auto-updater in the first place, and

2. one use case that may occur more often than you think - those power
users that install from source, thus totally bypassing their package
management system.

Inmho, #2 should be the deciding factor. If a user does this, then the
native updater should be enabled by default (but could be disabled by
the user with a compile time switch).

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Cor Nouws Cor Nouws
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Re: Automatic Updates

Charles Marcus wrote (08-10-10 14:28)

> 2. one use case that may occur more often than you think - those power
> users that install from source, thus totally bypassing their package
> management system.
>
> Inmho, #2 should be the deciding factor. If a user does this, then the
> native updater should be enabled by default (but could be disabled by
> the user with a compile time switch).

+ 1

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Re: Unsubscribe NOT working!!!

In reply to this post by Charles Marcus
  Hi All

Whoever is running this list PLEASE sort the Unsubscribe system out!!

When I originally subscribed I got two automatic replies and the mail
started to come in the next day - No problem

However I find there is just too much traffic and decided to
unsubscribe. I sent off two unsubscribe messages as detailed and again
got two automatic replies. That was over a week ago and I have not been
removed from the list!!!

PLEASE sort this out. (and take me off both lists)

Thank you

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Florian Effenberger Florian Effenberger
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Re: Unsubscribe NOT working!!!

Hi Ian,

> PLEASE sort this out. (and take me off both lists)
>

the system works, but I unsubscribed you manually right now from the
discuss list. Which other list shall I unsubscribe you from?

Florian

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Charles Marcus Charles Marcus
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Re: Unsubscribe NOT working!!!

On 2010-10-08 9:29 AM, Florian Effenberger wrote:
> PLEASE sort this out. (and take me off both lists)

Ian - the email you got was a confirmation that actually requires you to
click the CONFIRMATION link in it - if you don't click  the link, you
won't be unsubscribed.

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Re: Unsubscribe NOT working!!!

In reply to this post by Florian Effenberger


--- On Fri, 10/8/10, Florian Effenberger <[hidden email]> wrote:

> From: Florian Effenberger <[hidden email]>
> Subject: Re: [tdf-discuss] Unsubscribe NOT working!!!
> To: [hidden email]
> Cc: "Ian Whitfield" <[hidden email]>
> Date: Friday, October 8, 2010, 9:29 AM
> Hi Ian,
>
> > PLEASE sort this out. (and take me off both lists)
> >
>
> the system works, but I unsubscribed you manually right now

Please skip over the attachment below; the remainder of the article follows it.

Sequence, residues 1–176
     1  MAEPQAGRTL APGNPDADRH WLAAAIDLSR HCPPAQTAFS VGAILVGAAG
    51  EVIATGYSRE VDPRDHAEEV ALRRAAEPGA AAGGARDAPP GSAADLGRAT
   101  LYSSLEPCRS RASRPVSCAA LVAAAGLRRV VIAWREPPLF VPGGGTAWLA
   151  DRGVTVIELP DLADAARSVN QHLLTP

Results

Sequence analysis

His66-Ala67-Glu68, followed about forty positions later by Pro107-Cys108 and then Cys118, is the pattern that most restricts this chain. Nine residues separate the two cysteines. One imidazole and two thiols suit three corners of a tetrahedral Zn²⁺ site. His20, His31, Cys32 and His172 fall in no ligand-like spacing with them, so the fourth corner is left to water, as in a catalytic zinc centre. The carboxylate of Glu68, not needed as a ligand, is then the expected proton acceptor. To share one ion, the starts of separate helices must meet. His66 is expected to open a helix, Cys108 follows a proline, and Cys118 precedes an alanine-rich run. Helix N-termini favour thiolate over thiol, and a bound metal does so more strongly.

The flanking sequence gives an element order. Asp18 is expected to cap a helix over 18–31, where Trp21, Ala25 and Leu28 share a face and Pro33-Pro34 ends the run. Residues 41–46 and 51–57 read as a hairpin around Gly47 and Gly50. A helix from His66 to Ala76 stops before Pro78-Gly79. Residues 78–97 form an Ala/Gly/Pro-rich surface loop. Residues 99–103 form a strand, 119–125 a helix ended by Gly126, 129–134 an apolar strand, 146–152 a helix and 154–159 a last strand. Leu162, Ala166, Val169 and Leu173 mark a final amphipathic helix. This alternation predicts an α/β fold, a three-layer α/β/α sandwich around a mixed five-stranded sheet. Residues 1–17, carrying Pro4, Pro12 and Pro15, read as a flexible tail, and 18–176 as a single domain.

> from the
> discuss list. Which other list shall I unsubscribe you
> from?
>
> Florian
>
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> Foundation
> Tel: +49 8341 99660880
> Fax: +49 8341 99660889
> Mobile: +49 151 14424108
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Thorsten Behrens Thorsten Behrens
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Re: Automatic Updates

In reply to this post by Charles Marcus
Charles Marcus wrote:
> 2. one use case that may occur more often than you think - those power
> users that install from source, thus totally bypassing their package
> management system.
>
Hi Charles,

users installing from source don't need no update management at all
- they can just "git pull" & rebuild. Especially on Linux, this
gives you bleeding edge LibO everytime you like - e.g.:

http://www.freedesktop.org/wiki/Software/LibreOffice/HowToBuild#Ubuntu.28Lu
cid.29

(that's one of the true killer features of Linux - you get the whole
build system & tools with just a simple apt-get build-dep
openoffice.org & can have a go - on win32, you install msvc & stuff
all day long)

Cheers,

-- Thorsten

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Charles Marcus Charles Marcus
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Re: Automatic Updates

On 2010-10-08 11:35 AM, Thorsten Behrens wrote:
> users installing from source don't need no update management at all
> - they can just "git pull" & rebuild. Especially on Linux, this
> gives you bleeding edge LibO everytime you like - e.g.:

Well... different users have different skill levels, but yeah, I mostly
agree...

> (that's one of the true killer features of Linux - you get the whole
> build system & tools with just a simple apt-get build-dep
> openoffice.org & can have a go - on win32, you install msvc & stuff
> all day long)

Not to pick nits, but you're not talking about 'Linux', you're talking
about Debian... there are other distros you know... ;)

In gentoo I know you can have an ebuild that pulls the latest HEAD from
whatever repo (or just mirror it locally so you'll always be up to date)
and emerge away, but I don't need anything quite that bleeding edge.